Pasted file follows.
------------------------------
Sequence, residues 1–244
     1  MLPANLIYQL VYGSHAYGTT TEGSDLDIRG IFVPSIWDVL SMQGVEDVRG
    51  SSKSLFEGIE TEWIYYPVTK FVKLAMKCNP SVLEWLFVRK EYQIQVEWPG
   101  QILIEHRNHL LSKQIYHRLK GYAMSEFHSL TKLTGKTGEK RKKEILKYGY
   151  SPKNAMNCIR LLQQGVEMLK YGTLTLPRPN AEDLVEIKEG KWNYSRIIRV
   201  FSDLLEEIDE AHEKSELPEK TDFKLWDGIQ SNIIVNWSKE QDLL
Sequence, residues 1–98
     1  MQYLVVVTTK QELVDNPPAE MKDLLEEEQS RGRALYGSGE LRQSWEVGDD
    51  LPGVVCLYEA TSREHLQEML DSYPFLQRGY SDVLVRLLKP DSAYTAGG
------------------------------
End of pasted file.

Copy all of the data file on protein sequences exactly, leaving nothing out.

Sequence, residues 1–244
     1  MLPANLIYQL VYGSHAYGTT TEGSDLDIRG IFVPSIWDVL SMQGVEDVRG
    51  SSKSLFEGIE TEWIYYPVTK FVKLAMKCNP SVLEWLFVRK EYQIQVEWPG
   101  QILIEHRNHL LSKQIYHRLK GYAMSEFHSL TKLTGKTGEK RKKEILKYGY
   151  SPKNAMNCIR LLQQGVEMLK YGTLTLPRPN AEDLVEIKEG KWNYSRIIRV
   201  FSDLLEEIDE AHEKSELPEK TDFKLWDGIQ SNIIVNWSKE QDLL
Sequence, residues 1–98
     1  MQYLVVVTTK QELVDNPPAE MKDLLEEEQS RGRALYGSGE LRQSWEVGDD
    51  LPGVVCLYEA TSREHLQEML DSYPFLQRGY SDVLVRLLKP DSAYTAGG